Three days later, Maeve came out to the barnyard after school. As she had promised, she put on Daphne’s halter and took hold of her the lead rope. The animals would be let out that weekend, but today Daphne would go with Maeve to meet Henrietta and Hector. The two of them walked through the barnyard gate, out along the hedgerows and then down to the Farm Pond that lay at the bottom of a shallow dingle in East Meadow. The day was bright and clear, with a warm, light breeze. Daphne trotted along eagerly, delighted to be out with Maeve, and fairly itching with curiosity about Henrietta and Hector.
As they approached the stream that flowed out of the woods into the pond, Daphne watched how it bubbled happily over the stones, as if it too were excited on this lovely day. As they approached the pond, Maeve slowed down and whispered, “Do you see those cattails? The ones where Cheeree-chee and his mate and the other Redwings live? I am going to toss some cracked corn onto the grass over there by the edge of the water; then we will stand quietly and watch.”
With that Maeve reached into her pocket, drew out a handful of grain and tossed in onto the smooth flat area at the edge of the pond. She made a high-pitched chick-chick-chick call. They waited. Within a minute, out popped Henrietta’s bright golden head. Close behind her Daphne spotted the prettiest, most colorful little rooster she had ever seen. Hector!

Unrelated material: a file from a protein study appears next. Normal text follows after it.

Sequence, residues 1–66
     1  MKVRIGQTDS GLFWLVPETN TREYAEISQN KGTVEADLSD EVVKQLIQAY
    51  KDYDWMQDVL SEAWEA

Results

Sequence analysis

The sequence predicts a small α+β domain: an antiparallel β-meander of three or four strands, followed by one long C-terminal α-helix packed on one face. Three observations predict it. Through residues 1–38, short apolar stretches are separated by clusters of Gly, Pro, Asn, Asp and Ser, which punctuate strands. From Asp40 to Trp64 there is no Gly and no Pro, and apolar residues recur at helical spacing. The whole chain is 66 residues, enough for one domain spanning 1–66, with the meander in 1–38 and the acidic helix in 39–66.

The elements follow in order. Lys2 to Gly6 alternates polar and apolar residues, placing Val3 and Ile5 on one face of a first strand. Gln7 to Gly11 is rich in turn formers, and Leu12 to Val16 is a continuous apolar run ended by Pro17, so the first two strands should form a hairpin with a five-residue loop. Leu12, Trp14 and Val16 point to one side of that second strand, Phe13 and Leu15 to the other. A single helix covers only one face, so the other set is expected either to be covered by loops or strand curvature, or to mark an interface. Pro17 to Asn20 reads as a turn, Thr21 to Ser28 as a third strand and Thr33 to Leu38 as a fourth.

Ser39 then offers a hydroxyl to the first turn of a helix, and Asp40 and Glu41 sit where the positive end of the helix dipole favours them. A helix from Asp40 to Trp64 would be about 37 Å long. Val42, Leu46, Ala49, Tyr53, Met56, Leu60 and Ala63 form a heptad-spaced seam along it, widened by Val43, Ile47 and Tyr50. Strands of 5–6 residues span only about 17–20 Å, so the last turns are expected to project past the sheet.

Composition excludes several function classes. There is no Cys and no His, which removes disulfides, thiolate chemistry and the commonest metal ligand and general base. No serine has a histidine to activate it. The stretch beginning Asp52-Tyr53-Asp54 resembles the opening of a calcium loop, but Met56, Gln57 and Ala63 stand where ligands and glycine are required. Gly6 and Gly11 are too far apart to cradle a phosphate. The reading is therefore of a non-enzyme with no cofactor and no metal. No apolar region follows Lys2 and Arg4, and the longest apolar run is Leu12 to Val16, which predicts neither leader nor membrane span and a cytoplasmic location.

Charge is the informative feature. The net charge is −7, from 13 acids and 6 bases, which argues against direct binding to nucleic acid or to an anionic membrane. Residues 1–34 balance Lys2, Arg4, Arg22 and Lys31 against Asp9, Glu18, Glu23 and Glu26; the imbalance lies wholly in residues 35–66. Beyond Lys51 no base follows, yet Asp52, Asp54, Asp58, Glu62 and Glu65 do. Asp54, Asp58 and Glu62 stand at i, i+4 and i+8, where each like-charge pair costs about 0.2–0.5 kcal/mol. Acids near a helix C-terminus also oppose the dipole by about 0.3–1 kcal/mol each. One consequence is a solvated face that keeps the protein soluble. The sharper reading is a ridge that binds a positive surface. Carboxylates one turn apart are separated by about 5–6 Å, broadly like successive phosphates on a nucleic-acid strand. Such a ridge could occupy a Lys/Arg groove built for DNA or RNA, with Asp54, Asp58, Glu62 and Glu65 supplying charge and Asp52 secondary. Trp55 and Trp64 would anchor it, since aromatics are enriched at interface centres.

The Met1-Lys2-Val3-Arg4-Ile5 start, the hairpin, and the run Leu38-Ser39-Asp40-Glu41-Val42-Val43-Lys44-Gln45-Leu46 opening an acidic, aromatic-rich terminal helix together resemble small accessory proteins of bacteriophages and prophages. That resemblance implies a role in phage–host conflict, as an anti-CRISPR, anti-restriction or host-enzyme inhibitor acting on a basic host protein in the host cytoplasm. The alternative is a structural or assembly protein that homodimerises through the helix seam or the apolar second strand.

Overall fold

Cautiously, the two bantams looked around. When they spotted Maeve, whom they knew quite well by now, they relaxed and came all of the way out from the reeds. Then they looked at Daphne. She was very big, much bigger than a dog or pua’a – a pig. But she had a soft nose and gentle eyes and did not run at them like fox or coyote. They looked back at each other and silently nodded in agreement: this new creature was safe, AND she was with Maeve.
“ Brrruk,brrruk,brrrruk,” exclaimed Hector as the two raced over to the grain and began to peck enthusiastically. “Bluuuk, bluuuk, brrrrrruk,” replied Henrietta. They two just loved the cracked corn.
After they finished, they shook their feathers and began to preen. Slowly, very slowly, Maeve and Daphne approached … but not too close. Daphne’s eyes opened wide as Hector strutted about, the sun glistening off his long iridescent blue-green tail feathers, and his gold and rust ruff and back. Henrietta’s soft dove grey body was covered from the top of her head all the way down her back with a golden cape of feathers. Before Daphne could stop herself, she let out a joyous Hee-Haw of delight. The two birds jumped straight up into the air, then dashed off into the cattail and rushes again. Daphne was sad, she had not meant to frighten them. Maeve patted her gently and said, “I will toss more grain, but this time you must speak much more softly.” Maeve used her special quiet chicken calling voice this time and tossed more cracked corn onto the ground. Daphne stood very, very still. Sure enough, both bantams came back out. In her quietest donkey whisper Daphne apologized to Henrietta and Hector and explained that although her happy voice was loud, she meant no harm.
Before long, they were chatting like old friends. At last, all of the corn was gone, and it was time for Maeve and Daphne to head back to the barnyard. Daphne promised to visit again as soon as she and the other animals were out in the pasture.
(Tune in to next week’s Living Arts Weekly to read more about Daphne, Henrietta and Hector.)